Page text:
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Oct, 2014

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  1. #1

    Default Worried about Personal Injury Claim

    I have recently been informed by the letting agent I am using that part of the guttering on a house that I am renting had completely fallen away from the top of the house and struck a small child on the head. Obviously I am absolutely mortified by this, what I am worrying about now is the possibility of a personal injury claim by this child's parents?

    Am I liable, Could they claim and how much money is this going to cost?

    Any advice?

  2. #2
    Join Date
    Jul 2008
    Location
    Yorkshire
    Posts
    24,592

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    If the parents have evidence that the guttering injured their child, then they may have a claim, and there will undoubtedly be a bevy of Personal Injury lawyers waiting in the wings and rubbing their hands gleefully. However, it should be covered by the Third Party Liability cover in your LL's building insurance (in the same way as if your chimney pot is blown off in a storm and wrecks your neighbour's car).

    I think the only way the insurers can wriggle out of this is if they can demonstrate that the guttering hadn't been maintained and had been allowed by your neglect to fall into a dangerously unstable state.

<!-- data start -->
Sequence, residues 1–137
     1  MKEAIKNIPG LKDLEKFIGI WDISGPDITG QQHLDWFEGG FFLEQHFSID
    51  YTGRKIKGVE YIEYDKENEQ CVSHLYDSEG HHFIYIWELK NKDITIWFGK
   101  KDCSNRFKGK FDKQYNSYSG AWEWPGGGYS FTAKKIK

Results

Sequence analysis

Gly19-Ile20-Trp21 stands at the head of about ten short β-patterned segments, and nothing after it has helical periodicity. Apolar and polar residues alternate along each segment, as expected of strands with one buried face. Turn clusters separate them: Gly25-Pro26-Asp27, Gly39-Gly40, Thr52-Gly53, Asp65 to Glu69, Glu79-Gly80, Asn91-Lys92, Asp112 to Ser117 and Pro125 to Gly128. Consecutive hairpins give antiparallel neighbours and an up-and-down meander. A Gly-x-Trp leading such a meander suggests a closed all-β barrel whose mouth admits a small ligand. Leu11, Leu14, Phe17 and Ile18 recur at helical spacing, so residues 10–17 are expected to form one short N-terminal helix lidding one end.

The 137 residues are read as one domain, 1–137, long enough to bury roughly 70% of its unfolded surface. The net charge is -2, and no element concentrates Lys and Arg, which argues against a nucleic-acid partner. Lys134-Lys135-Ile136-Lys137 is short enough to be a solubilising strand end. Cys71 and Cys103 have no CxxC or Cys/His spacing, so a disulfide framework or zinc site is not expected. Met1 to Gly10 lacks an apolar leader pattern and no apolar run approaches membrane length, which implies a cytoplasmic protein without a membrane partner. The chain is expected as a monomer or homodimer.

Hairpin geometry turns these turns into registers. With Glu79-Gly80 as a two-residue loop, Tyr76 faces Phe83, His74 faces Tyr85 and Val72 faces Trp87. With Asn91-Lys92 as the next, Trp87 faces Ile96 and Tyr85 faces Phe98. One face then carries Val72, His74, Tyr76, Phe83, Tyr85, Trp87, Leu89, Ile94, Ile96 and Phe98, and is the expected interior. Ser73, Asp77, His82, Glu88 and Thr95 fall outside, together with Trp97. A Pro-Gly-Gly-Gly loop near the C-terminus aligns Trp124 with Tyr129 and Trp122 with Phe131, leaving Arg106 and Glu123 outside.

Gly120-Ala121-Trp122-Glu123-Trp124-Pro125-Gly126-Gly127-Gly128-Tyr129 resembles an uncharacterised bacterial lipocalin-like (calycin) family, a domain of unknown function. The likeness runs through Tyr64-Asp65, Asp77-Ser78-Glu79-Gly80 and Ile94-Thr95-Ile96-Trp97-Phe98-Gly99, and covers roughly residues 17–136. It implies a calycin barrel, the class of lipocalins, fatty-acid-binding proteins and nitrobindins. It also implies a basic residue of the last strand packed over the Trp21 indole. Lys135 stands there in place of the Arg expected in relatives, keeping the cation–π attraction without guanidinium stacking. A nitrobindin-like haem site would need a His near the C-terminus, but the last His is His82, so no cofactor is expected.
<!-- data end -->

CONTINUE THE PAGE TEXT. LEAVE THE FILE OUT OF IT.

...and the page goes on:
Can we assume you do have landlord's building insurance?
    How is education supposed to make me feel smarter? Besides, every time I learn something new, it pushes some old stuff out of my brain. Remember when I took that home winemaking course, and I forgot how to drive? Homer Simpson

  3. #3
    Join Date
    Mar 2009
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    9,174

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    Is it child-of-tenant or someone else?? Whoever it is, if I were in your shoes, I'd write them a short letter saying you are very sorry for the experience they & the child have been through.

    Sounds like an apology but it isn't, and just might take some sting out of things... You may wish to take advice from insurers before doing this.

    I'd also wish to lay eyes on the child so I can gauge the injury...

    Presumably a trusted tradesperson has been/is going round to fix guttering & report, quietly, back on what happened?? And ask agency to send brief email summarizing all they know (This may well end up in court...)

    Poor wee kid.
    I am legally unqualified: If you need to rely on advice check it with a suitable authority - eg a solicitor specialising in landlord/tenant law...

  4. #4
    Join Date
    Jan 2010
    Location
    Central south coast
    Posts
    2,859

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    When in doubt do nowt. Beanie - You say a letting agent told you this - this makes me immediately suspicious or maybe this is just my nature.

    Parents (or their solicitor) of said child would need to contact you personally before making a claim and I would wait for that. I take it that the 'letting agent'in question is acting for you?

  5. #5
    Join Date
    Nov 2010
    Posts
    5,410

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    Quote Originally Posted by theartfullodger View Post
    I'd write them a short letter saying you are very sorry for the experience they & the child have been through.